What’s Love Got to Do With It: Values, Passion and Kite Strings

Do you remember, perhaps from childhood, someone or maybe a pet that you loved dearly with all the passion and unconditionalness that a child can feel?  Sometimes it was a grandparent or a favorite aunt or uncle.  For others it was their dog, their best friend and constant companion.  Or a “bestest” friend or first sweetheart.  Someone somewhere that you gave all your love to.  Perhaps even a place in nature, the woods, the ocean, your own private retreat spot.  Maybe it was music or a passion for a sport.  Something you could immerse yourself in totally, love yourself, forget time.

Those things that touched us deeply in our early years became gems of light that helped form us, gave us role models for more mature experiences of love, lit our way, sustained, molded and nurtured our soul.  Like the tiny kite string is essential for the beautiful kite to fly, they enabled us to live with love and passion later in life.  They helped shape our values.

What we value actually determines how we spend our time, energy and resources.  If we don’t value it, there is no motivation to do it.  Have you ever procrastinated cleaning up a messy home, with nooooo motivation to do it?  It’s only when something you value comes into play, like the opinion of visiting friends that prompts the motivation to clean.  No one likes to do their taxes, but eventually we value something else more, like a clean record or not having our bank account and wages garnished.  At the deepest unconscious level our values affect our behavior and our decisions, and after-the-fact our evaluation of how well we did.  Values are the kinesthetic, the feeling, the love and the passion behind our behavior.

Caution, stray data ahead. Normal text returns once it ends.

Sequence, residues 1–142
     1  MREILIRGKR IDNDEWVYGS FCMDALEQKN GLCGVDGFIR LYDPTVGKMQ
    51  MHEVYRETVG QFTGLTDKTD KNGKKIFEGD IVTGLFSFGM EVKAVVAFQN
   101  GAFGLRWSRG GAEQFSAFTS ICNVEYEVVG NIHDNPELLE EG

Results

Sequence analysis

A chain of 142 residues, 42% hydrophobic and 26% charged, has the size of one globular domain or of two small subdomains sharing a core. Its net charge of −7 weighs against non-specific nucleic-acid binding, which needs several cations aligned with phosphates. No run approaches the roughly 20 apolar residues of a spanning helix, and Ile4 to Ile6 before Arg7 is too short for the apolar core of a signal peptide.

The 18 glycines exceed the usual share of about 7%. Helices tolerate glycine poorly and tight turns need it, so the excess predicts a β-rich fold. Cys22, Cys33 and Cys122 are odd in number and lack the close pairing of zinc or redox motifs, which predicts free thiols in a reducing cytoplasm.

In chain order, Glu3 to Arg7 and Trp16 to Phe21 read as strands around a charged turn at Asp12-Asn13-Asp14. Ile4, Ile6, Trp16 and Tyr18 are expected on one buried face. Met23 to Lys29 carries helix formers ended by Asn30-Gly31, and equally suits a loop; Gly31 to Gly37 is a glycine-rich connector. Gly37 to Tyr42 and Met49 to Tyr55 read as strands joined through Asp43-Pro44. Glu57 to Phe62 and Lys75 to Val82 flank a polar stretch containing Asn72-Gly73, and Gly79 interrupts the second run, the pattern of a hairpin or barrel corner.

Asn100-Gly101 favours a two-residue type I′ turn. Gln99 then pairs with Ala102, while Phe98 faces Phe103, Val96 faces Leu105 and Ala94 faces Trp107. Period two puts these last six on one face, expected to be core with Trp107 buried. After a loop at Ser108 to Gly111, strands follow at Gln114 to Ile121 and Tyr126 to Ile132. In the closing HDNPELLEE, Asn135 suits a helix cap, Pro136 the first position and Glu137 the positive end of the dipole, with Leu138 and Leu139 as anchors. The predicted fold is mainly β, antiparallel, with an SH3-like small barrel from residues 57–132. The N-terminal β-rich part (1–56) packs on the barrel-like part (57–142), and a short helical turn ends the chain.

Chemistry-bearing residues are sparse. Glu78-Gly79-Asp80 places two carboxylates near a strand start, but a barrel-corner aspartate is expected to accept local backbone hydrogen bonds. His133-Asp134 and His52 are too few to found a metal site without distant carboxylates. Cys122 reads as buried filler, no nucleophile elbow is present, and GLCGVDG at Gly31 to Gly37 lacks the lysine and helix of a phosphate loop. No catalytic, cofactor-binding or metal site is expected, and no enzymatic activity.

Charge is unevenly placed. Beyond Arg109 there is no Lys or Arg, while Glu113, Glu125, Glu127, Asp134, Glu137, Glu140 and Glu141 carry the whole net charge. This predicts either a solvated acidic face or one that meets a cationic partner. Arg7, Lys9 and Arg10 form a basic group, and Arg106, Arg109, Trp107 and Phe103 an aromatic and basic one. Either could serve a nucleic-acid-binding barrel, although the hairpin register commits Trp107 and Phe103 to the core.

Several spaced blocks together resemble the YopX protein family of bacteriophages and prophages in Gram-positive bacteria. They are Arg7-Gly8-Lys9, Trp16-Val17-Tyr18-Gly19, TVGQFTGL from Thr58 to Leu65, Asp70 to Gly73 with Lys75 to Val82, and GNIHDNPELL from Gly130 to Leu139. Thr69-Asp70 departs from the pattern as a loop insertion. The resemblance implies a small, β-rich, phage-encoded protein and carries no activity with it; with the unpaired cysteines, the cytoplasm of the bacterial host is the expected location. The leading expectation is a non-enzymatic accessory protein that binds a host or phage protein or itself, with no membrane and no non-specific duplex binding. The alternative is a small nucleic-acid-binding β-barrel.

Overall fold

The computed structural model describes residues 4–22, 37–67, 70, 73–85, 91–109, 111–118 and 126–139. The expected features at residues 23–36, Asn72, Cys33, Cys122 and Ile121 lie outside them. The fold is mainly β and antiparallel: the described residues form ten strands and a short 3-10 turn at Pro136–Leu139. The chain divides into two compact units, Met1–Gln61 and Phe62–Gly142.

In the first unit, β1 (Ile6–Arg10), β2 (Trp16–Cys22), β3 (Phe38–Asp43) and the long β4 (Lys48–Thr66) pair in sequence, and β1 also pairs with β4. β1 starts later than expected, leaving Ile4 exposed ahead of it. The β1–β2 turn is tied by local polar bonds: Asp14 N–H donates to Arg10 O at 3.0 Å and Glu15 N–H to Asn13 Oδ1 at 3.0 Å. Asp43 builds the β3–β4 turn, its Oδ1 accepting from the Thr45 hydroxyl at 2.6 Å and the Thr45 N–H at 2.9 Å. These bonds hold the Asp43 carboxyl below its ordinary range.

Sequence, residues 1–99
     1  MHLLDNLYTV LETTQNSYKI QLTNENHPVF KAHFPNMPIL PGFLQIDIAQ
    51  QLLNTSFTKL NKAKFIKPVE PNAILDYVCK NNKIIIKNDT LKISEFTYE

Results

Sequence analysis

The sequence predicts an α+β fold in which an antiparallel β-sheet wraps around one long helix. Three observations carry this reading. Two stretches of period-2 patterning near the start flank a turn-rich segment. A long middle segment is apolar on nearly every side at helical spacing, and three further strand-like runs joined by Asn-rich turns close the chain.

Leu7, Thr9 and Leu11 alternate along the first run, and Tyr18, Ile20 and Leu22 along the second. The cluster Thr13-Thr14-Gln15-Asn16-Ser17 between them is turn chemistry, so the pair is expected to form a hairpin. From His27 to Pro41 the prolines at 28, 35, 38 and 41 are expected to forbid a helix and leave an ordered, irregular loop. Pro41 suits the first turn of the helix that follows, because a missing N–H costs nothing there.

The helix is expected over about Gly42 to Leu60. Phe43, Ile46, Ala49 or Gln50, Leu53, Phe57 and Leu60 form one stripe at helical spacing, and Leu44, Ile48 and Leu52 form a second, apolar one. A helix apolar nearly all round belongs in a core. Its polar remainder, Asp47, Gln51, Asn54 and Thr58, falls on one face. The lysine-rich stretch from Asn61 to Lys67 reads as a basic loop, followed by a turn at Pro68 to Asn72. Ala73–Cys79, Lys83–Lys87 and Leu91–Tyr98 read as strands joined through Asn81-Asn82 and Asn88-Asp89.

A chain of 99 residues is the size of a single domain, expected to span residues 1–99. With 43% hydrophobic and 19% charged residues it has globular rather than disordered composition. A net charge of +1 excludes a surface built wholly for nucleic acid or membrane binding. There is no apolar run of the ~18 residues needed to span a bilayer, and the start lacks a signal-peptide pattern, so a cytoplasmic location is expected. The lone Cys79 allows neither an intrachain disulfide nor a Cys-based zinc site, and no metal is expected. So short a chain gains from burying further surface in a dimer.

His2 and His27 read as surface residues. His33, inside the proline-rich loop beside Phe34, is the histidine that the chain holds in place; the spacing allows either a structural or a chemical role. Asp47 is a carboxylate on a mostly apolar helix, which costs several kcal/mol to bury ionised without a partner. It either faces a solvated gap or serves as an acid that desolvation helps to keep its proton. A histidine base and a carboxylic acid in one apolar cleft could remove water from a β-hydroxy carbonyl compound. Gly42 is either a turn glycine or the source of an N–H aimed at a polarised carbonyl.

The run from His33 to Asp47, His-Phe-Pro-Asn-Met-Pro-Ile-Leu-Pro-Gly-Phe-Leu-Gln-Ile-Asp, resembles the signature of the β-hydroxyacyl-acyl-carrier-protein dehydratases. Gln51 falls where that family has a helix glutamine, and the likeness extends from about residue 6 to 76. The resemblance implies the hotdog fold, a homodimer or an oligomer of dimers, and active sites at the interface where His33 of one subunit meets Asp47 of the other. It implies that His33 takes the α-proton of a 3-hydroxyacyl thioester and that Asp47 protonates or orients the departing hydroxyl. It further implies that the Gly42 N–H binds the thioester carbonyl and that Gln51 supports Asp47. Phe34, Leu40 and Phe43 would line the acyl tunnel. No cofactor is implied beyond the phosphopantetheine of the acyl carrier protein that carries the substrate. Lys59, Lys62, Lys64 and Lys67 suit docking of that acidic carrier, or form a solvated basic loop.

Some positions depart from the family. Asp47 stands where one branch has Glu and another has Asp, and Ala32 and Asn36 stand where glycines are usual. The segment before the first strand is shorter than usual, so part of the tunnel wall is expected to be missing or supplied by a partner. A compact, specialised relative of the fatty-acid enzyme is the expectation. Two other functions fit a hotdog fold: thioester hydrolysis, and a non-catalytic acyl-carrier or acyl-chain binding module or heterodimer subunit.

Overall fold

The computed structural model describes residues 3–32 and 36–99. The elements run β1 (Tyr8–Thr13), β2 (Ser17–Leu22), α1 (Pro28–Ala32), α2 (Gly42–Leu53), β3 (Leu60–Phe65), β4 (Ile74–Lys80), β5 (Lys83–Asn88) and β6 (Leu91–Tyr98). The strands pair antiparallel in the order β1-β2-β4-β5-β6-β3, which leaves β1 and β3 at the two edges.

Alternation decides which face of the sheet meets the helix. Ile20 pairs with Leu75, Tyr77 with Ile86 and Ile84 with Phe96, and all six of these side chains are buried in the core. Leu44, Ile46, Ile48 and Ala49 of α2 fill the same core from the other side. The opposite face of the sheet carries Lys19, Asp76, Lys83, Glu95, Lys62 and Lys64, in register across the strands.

It is a fairly simple process to find your values.  First, choose a context, an area of your life, such as relationship, family, career or health/fitness.   Next, ask yourself (or have a friend ask), “What’s important to you in (relationship)?  Ask that same question about the area you chose again and again, listing your responses, using your exact word(s).  Do this quickly, so you don’t have time to think.  Your answers should be short, usually one word, like “trust, compatibility, communication, freedom, respect, chemistry”.  Ask  the question until you have run out of words.  You will probably pause several times to think, which will activate the deeper, more unconscious values.  Continue through several pauses as a gauge for how long to do the process.

Continue until you have a list that sounds right, that feels good, that looks complete, usually around 10 items.  Next, rank order them, putting #1 by the most important value to you, #2 by the second most important, and so on.  Then rewrite the list in the order you chose.  Now you can see by looking at the top three to five values what motivates you.  If you chose career, and income wasn’t even on the list, for example, you can see why you may be financially struggling.   It is no wonder, since at the unconscious level money doesn’t motivate you.   You may see values that conflict, such as spending time with your family or friend versus needing freedom and alone-time.

Looking at your values can give you key insights into why you do what you do and how you make decisions.  If you do not like your values, then it is an opportunity to do some personal change work.  Perhaps you made a decision early in life that you can’t have both money and love.  Maybe your need for freedom from family is really a protection against “needy people”.   Our values are what fuel our passion, what we love and what motivate us.  Eliciting your own values is an excellent way to take stock and see what is really driving your behavior, as you begin this new year.